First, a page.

Blood clots are jelly-like masses of blood which form after an injury to protect against excessive bleeding. Proteins and platelets in the plasma work in synergy to form a clot in the affected area. The body usually dissolves the clot once the injury heals.
The clots occasionally form within arteries or veins without injury and do not break down on their own. Consequently, this may lead to pulmonary embolism and stroke. It is important to understand that clots are very serious and require precise diagnosis and adequate treatment.
According to the CDC,
- Stroke accounts for over 130,000 deaths in the U.S annually, which is one out of every twenty deaths
- Every 40 seconds someone in the U.S has a stroke and every 4 minutes someone dies as result of it
- Annually, over 795,000 Americans have a stroke, out of which 610,000 are first/ new strokes
- It is estimated that about 185,000 strokes are in those who have had a stroke earlier
- Up to 87 percent of all strokes are ischemic, where blood flow to the brain is restricted
- Stroke costs about $33 billion annually in the U.S, including the medicines to treat it, the cost of health care services, and missed days of work
- Stroke reduces mobility in over half of stroke survivors aged 65 or over
Types of Blood Clots: Arterial and Venous
Arterial Blood Clots
Blood clots can either form in arteries or in the veins. Arteries are blood vessels that carry blood away from the heart, while veins are responsible for bringing the oxygen-depleted blood back to the heart.
Arterial clots occur in the arteries and block blood and oxygen from reaching important organs. They typically form in the legs and feet, but are also like to form in the brain and lead to stroke as well as in the heart and cause a heart attack.
Symptoms of Arterial Clots
- Muscle pain or spasms to the affected area
- Tingling or numbness in your leg or arm
- Fingers or hands that feel cool to the touch
- Loss of color to the affected area
- Cold arms or legs
- Weakness of the affected area
Risk Factors for Arterial Clots
- Lack of physical activity
- High cholesterol
Venous Blood Clots
As the name itself suggests, venous blood clots form in the veins. They typically develop after trauma or surgery, such as a broken leg. As a matter of fact, there are 3 types of clots that develop in the veins: deep vein thrombosis (DVT), pulmonary embolism (PE) and superficial venous thrombosis.
DVT: It typically forms in the lower leg, pelvis, or thigh, but it can also develop in areas like the liver, intestines, kidneys, arm, and the brain.
PE: It is basically a deep vein thrombosis that has broken off the original point and has reached the lungs.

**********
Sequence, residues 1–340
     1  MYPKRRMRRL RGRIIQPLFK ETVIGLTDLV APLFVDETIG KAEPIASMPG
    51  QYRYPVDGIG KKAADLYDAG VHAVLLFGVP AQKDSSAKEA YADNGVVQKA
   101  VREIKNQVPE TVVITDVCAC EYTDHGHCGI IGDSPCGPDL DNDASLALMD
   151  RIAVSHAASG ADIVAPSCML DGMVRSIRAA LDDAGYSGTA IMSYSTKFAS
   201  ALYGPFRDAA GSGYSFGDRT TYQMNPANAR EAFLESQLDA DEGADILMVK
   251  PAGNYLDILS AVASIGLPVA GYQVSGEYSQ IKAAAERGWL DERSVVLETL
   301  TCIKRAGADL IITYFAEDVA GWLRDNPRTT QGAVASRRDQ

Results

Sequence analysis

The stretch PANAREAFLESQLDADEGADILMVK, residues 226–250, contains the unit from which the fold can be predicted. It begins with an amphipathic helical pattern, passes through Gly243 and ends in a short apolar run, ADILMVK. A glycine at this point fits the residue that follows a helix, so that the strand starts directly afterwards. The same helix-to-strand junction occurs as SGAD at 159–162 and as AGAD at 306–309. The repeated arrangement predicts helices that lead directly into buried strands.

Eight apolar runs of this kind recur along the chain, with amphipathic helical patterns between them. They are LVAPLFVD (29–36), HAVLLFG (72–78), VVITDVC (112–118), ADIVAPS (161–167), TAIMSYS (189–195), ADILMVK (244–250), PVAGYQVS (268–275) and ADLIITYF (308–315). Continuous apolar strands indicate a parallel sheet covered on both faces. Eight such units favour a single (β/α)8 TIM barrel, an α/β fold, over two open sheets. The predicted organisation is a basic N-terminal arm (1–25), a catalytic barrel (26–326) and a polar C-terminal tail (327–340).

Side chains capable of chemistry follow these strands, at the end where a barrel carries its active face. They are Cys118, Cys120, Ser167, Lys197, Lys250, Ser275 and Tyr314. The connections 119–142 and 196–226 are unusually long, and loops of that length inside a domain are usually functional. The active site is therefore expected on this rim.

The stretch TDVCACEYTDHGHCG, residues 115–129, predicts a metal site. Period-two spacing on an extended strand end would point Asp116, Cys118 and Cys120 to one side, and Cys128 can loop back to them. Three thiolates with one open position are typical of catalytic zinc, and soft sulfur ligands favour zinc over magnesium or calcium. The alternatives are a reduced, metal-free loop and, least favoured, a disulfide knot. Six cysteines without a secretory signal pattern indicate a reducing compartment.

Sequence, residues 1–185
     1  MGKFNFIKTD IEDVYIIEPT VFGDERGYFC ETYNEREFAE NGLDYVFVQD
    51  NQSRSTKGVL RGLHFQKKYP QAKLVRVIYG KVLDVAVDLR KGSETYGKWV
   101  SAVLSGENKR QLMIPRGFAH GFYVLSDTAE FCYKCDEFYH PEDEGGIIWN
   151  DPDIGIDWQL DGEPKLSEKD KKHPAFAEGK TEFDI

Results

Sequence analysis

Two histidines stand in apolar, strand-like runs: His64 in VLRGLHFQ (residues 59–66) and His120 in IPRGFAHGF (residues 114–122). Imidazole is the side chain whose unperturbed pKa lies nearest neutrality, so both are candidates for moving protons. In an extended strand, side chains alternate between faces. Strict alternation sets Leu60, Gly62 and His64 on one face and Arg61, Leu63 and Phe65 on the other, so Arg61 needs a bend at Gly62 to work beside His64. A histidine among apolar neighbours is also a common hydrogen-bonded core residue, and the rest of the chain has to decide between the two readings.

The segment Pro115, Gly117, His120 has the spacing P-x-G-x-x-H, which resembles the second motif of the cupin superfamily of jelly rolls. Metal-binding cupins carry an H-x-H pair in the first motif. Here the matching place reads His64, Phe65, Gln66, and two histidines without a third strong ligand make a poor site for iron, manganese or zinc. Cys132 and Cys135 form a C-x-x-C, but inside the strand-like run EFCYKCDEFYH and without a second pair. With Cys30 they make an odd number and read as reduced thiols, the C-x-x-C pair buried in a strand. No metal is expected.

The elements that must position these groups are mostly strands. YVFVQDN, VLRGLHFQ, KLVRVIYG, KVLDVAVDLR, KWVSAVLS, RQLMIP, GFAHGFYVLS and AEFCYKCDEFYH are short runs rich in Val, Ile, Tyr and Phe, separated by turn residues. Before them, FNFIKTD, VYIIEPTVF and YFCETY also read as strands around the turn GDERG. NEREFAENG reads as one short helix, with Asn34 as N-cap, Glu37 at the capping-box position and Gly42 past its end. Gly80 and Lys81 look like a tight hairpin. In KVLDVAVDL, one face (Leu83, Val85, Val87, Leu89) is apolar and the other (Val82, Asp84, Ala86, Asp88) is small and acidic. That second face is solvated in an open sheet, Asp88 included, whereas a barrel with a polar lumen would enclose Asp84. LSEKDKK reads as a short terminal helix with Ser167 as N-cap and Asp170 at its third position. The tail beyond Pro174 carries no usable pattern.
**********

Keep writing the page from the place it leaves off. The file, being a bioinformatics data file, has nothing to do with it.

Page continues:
Superficial Venous Thrombosis: These clots form in the veins that are the closest to the skin`s surface and require treatment.
Symptoms of Venous Clots
- Painful, swollen or inflamed skin over affected vein
- Vein that is painful or hard to the touch
- Red skin over the affected vein
Early Signs and Symptoms
The symptoms of blood clots are wide ranging and depend on their location in the body. According to the American Society of Hematology, you are likely to experience the following symptoms if a blood clot has formed in these locations:
Arm or Leg: Warmth, swelling, tenderness, and either gradual or sudden pain
Abdomen: Diarrhea, intense abdominal pain, and vomiting
Brain: Vision problems, dizziness, headache, difficulty speaking, and weakness of the face, arms, or legs
Heart: Sweating, nausea, shortness of breath, light-headedness, chest pain, and discomfort in areas of the upper body
Lung: Fever, sweating, coughing up blood, chest pain, shortness of breath, and racing heart
4 Blood Clot Prevention Tips
Healthy diet: Avoid foods that are detrimental to the heart, including processed foods, trans fats, refined carbohydrates, artificial sweeteners, sugars, and GMOs.
Active lifestyle: Exercising on a regular basis and avoiding a sedentary lifestyle is key to maintaining good health. If your job requires sitting for many hours, get up and stretch the legs a few times daily.
Smoking: Tobacco products, including both cigarettes and vapor devices, are known to increase the risk of blood clots.
Medication changes: Cancer medications, blood pressure drugs, and hormone medications increase the risk of blood clots.
6 Natural Blood Thinners and Supplements
The herbs and supplements below are extremely beneficial for the overall health and can be safely used as preventative measure against blood clots. Check them out!
1. Omega 3 Fatty Acids
Some of the best sources of these fats include walnuts, pumpkin seeds, and fish (salmon, trout, herring).
2. Vitamin E
The best sources of vitamin E include almonds, avocado, kiwi, butternut squash, broccoli, and green leafy veggies.
3. Vitamin C
This potent antioxidant helps maintain vascular health and prevent blood clots from forming.
4. Bilberry, Ginger, and Turmeric
These herbs are extremely effective in reducing platelets` ability to clump, which may lead to formation of blood clots.
It reduces the fibrin content, a protein that plays a role in the formation of blood clots.
6. Natural antibiotics
Onions, garlic, and olive oil are one of the most powerful natural antibiotics known to mankind. It has been scientifically shown that garlic is very beneficial in preventing thrombosis.